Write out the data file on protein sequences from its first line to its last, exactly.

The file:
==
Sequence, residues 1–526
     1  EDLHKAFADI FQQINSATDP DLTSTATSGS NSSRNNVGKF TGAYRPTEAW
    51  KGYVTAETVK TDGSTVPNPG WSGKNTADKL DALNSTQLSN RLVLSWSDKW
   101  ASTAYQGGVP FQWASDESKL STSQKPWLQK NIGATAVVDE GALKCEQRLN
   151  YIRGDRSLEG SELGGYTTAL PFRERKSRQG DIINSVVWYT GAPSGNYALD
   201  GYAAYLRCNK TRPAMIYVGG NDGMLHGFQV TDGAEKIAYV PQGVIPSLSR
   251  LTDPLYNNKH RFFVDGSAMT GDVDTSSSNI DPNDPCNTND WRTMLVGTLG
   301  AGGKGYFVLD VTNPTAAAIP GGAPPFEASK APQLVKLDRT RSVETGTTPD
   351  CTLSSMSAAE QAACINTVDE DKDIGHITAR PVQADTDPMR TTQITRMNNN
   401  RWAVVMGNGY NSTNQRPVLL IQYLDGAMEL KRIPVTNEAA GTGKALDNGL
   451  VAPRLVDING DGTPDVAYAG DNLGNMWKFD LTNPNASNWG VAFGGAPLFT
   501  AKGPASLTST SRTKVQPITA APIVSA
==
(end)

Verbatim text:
Sequence, residues 1–526
     1  EDLHKAFADI FQQINSATDP DLTSTATSGS NSSRNNVGKF TGAYRPTEAW
    51  KGYVTAETVK TDGSTVPNPG WSGKNTADKL DALNSTQLSN RLVLSWSDKW
   101  ASTAYQGGVP FQWASDESKL STSQKPWLQK NIGATAVVDE GALKCEQRLN
   151  YIRGDRSLEG SELGGYTTAL PFRERKSRQG DIINSVVWYT GAPSGNYALD
   201  GYAAYLRCNK TRPAMIYVGG NDGMLHGFQV TDGAEKIAYV PQGVIPSLSR
   251  LTDPLYNNKH RFFVDGSAMT GDVDTSSSNI DPNDPCNTND WRTMLVGTLG
   301  AGGKGYFVLD VTNPTAAAIP GGAPPFEASK APQLVKLDRT RSVETGTTPD
   351  CTLSSMSAAE QAACINTVDE DKDIGHITAR PVQADTDPMR TTQITRMNNN
   401  RWAVVMGNGY NSTNQRPVLL IQYLDGAMEL KRIPVTNEAA GTGKALDNGL
   451  VAPRLVDING DGTPDVAYAG DNLGNMWKFD LTNPNASNWG VAFGGAPLFT
   501  AKGPASLTST SRTKVQPITA APIVSA